18 December 2014

from In Search of Lost Time III: The Guermantes Way, part 1 (Marcel Proust, trans. Scott Moncrieff and Kilmartin)

If I had been tempted while asleep to let myself be swept back into my usual current of remembrance, the bed to which I was not accustomed, the careful attention which I was obliged to apy to the position of my limbs when I turned over, were sufficient to adjust or maintain the new thread of my dreams.  It is the same with sleep as with our perception of the external world.  It needs only a modification in our habits to make it poetic, it is enough that while undressing we should have dozed off involuntarily on top of the bed for the dimensions of sleep to be altered and its beauty felt.  We wake up, look at our watch and see 'four o'clock'; it is only four o'clock in the morning, but we imagine that the whole day has gone by, so vividly does this unsolicited nap of a few minutes appear to have come down to us from heaven, by virtue of some divine right, huge and solid as an Emperor's orb of gold.  In the morning, worried by the thought that my grandfather was ready and they were waiting for me to set out for our walk along the Méséglise way, I was awakened by the blare of a regimental band which passed every day beneath my windows.  But two or three times - and I say this because one cannot properly describe human life unless one bathes it in the sleep into which it plunges night after night and which sweeps round it as a promontory is encircled by the sea - the intervening layer of sleep was resistant enough to withstand the impact of the music and I heard nothing.  On other mornings it gave way for a moment; but my consciousness, still muffled from sleep (like those organs by which, after a preliminary anaesthetic, a cauterisation, not perceived at first, is felt only at the very end and then as a faint smarting), was touched only gently by the shrill points of the fifes which caressed it with a vague, cool, matutinal warbling; and after this fragile interruption in which the silence had turned to music it relapsed into my slumber before even the dragoons had finished passing, depriving me of the last blossoming sheafs of the surging bouquet of sound.  And the zone of my consciousness which its springing stems had brushed was so narrow, so circumscribed with sleep that later on, when Saint-Loup asked me whether I had heard the band, I was not certain that the sound of its brasses had not been as imaginary as that which I heard during the day echoing, after the slightest noise, from the paved streets of the town.  Perhaps I had heard it only in my dreams, prompted by my fear of being awakened, or else of not being awakened and so not seeing the regiment march past.  For often when I remained asleep at the moment when on the contrary I had supposed that the noise would awaken me, for the next hour I imagined that I was awake, while still dozing, and I enacted to myself with tenuous shadow-shapes on the screen of my slumber the various scenes of which it deprived me but at which I had the illusion of looking on.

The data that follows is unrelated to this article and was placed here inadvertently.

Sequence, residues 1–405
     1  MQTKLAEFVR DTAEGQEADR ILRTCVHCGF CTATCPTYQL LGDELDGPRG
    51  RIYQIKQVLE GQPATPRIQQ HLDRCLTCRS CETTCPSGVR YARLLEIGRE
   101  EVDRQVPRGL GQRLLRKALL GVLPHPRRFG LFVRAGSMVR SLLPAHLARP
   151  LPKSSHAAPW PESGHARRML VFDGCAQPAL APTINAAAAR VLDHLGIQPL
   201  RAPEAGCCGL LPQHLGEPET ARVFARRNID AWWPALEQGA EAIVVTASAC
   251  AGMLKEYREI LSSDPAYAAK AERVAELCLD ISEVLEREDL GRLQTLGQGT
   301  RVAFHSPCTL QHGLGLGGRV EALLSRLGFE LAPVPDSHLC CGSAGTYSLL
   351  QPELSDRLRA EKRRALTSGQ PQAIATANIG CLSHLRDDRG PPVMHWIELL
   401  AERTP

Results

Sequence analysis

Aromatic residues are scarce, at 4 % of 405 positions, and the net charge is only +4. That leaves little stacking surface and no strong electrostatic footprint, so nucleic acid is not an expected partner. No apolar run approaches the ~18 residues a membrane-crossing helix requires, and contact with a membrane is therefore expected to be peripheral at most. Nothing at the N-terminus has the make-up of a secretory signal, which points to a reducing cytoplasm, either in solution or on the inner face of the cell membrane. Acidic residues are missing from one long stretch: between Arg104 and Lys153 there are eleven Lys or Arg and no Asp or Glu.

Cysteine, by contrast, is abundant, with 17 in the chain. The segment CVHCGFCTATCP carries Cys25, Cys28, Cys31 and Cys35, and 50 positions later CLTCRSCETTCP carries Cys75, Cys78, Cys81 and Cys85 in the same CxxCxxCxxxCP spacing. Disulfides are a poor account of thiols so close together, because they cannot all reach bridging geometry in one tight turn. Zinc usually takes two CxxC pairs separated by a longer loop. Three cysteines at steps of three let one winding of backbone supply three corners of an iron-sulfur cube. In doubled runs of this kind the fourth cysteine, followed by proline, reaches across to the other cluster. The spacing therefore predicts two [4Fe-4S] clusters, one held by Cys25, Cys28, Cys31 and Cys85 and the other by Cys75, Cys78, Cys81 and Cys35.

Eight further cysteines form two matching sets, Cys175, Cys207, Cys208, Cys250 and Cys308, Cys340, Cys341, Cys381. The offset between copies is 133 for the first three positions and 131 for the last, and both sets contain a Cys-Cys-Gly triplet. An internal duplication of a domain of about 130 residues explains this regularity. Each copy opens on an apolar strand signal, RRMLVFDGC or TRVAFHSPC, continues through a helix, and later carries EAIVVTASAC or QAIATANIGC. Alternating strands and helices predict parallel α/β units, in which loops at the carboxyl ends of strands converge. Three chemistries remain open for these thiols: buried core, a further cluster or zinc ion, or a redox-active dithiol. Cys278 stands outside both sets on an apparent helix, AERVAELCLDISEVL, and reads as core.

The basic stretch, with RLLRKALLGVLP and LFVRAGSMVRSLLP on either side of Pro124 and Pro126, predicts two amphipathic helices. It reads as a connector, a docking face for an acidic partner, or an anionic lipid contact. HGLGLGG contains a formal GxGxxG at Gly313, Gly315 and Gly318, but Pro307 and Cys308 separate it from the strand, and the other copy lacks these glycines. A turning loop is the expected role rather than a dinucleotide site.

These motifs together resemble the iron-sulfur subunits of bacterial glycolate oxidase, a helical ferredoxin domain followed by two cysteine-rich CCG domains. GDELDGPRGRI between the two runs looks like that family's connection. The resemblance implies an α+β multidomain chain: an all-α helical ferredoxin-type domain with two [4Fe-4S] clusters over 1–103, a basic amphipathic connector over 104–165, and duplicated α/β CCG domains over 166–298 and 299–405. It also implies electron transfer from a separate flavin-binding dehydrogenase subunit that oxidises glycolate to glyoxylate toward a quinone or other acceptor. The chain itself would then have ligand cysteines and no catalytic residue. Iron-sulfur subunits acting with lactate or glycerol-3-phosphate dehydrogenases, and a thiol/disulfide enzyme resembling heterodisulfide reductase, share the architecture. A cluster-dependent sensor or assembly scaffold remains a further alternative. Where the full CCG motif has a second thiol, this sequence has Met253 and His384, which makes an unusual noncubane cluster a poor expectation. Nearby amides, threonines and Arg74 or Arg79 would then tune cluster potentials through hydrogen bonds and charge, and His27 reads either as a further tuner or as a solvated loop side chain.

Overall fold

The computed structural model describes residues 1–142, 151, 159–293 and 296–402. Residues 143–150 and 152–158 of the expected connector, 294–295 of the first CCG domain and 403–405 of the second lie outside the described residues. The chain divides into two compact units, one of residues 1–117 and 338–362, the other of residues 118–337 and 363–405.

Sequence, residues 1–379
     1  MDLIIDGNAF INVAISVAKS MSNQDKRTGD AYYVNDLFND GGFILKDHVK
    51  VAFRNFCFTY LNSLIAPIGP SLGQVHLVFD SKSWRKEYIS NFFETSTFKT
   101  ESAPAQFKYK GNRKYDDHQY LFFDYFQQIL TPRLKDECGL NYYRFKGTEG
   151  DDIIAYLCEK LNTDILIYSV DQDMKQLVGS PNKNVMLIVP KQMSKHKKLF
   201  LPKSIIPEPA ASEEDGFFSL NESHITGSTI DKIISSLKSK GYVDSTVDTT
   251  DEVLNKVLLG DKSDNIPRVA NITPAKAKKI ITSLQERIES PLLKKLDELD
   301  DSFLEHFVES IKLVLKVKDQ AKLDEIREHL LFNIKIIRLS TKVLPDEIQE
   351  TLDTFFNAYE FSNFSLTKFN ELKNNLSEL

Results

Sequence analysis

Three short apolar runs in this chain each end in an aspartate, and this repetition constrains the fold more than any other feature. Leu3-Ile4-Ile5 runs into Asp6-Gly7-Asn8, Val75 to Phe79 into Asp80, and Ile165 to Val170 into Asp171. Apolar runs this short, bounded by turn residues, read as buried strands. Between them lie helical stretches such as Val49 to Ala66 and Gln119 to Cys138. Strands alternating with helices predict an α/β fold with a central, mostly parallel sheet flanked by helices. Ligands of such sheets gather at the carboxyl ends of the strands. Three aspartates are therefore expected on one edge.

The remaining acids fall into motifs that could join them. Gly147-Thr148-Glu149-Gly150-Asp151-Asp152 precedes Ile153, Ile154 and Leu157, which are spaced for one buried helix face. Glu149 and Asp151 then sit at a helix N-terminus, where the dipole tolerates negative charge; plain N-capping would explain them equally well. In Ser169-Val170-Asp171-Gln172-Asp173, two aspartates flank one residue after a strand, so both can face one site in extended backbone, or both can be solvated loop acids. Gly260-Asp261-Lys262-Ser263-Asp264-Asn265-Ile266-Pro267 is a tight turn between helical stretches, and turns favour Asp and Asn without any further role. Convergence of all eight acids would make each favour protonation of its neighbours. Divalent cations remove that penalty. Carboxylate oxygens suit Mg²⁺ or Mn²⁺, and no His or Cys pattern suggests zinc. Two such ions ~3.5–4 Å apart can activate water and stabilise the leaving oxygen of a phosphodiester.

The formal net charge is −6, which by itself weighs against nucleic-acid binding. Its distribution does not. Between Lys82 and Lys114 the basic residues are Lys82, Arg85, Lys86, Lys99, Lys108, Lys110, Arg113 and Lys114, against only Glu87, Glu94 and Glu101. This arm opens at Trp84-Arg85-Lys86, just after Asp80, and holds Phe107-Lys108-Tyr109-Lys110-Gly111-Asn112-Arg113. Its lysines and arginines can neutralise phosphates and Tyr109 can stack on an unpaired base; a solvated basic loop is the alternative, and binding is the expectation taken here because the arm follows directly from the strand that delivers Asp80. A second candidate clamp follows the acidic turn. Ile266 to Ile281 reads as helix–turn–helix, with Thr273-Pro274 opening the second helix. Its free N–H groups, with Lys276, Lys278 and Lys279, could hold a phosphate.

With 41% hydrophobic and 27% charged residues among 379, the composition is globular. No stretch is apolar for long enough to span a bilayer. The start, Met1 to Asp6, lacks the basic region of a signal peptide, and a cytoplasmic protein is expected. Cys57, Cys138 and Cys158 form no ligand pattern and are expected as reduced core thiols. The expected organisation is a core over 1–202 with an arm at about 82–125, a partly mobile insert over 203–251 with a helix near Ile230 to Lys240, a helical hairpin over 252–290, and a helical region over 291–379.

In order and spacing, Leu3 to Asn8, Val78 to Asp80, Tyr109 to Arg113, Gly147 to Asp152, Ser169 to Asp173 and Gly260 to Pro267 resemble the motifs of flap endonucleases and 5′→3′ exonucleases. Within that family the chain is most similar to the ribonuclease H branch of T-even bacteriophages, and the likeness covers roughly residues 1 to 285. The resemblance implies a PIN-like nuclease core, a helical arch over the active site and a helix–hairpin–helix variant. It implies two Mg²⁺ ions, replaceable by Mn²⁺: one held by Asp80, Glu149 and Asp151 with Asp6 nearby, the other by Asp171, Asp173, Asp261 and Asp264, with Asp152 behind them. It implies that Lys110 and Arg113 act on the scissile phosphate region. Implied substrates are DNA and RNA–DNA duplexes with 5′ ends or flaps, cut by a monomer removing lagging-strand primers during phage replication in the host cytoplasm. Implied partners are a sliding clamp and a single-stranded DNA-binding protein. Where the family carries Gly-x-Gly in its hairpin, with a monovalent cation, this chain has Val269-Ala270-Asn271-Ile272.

Indeed, what one has meant to do during the day it turns out, sleep intervening, that one accomplishes only in one's dreams, that is to say after it has been diverted by drowsiness into following a different path from that which one would have chosen when awake.  The same story branches off and has a different ending.  When all is said, the world in whch we live when we are asleep is so different that people who have difficulty in going to sleep seek first of all to escape from the waking world.  After having desperately, for hours on end, with their eyes closed, revolved in their minds thoughts similar to those which they would have had with their eyes open, they take heart again on noticing that the preceding minute has been weighed down by a line of reasoning in strict contradiction to the laws of logic and the reality of the present, this brief 'absence' signifying that the door is now open through which they may perhaps presently be able to escape from the perception of the real, to advance to a resting-place more or less remote from it, which will mean their having a more or less 'good' night.  But already a great stride has been made when we turn our backs on the real, when we reach the outer caves in which 'auto-suggestions' prepare - like witches - the hell-broth of imaginary illnesses or of the recurrence of nervous disorders, and watch for the hour when the spasms which have been building up during the unconsciousness of sleep will be unleashed with sufficient force to make sleep cease.

Not far thence is the secret garden in which the kinds of sleep, so different one from another, induced by datura, by Indian hemp, by the multiple extracts of ether - the sleep of belladonna, of opium, of valerian - grown like unknown flowers whose petals remain closed until the day when the predestined stranger comes to open them with a touch and to liberate for long hours the aroma of their peculiar dreams for the delectation of an amazed and spellbound being.  At the end of the garden stands the convent with open windows through which we hear voices repeating the lessons learned before we went to sleep, which we shall know only at the moment of awakening; while, presaging that moment, our inner alarm-clock ticks away, so well regulated by our preoccupation that when our housekeeper comes in and tells us it is seven o'clock she will find us awake and ready.  The dim walls of that chamber which opens upon our dreams and within which the sorrows of love are wrapped in that oblivion whose incessant toil is interrupted and annulled at times by a nightmare heavy with reminiscences, but quickly resumed, are hung, even after we are awake, with the memories of our dreams, but they are so murky that often we catch sight of them for the first time only in the broad light of the afternoon when the ray of a similar idea happens by chance to strike them; some of them, clear and harmonious while we slept, already so distorted that, having failed to recognise them, we can but hasten to lay them in the earth, like corpses too quickly decomposed or relics so seriously damaged, so nearly crumbling into dust that the most skilful restorer could not give them back a shape or make anything of them.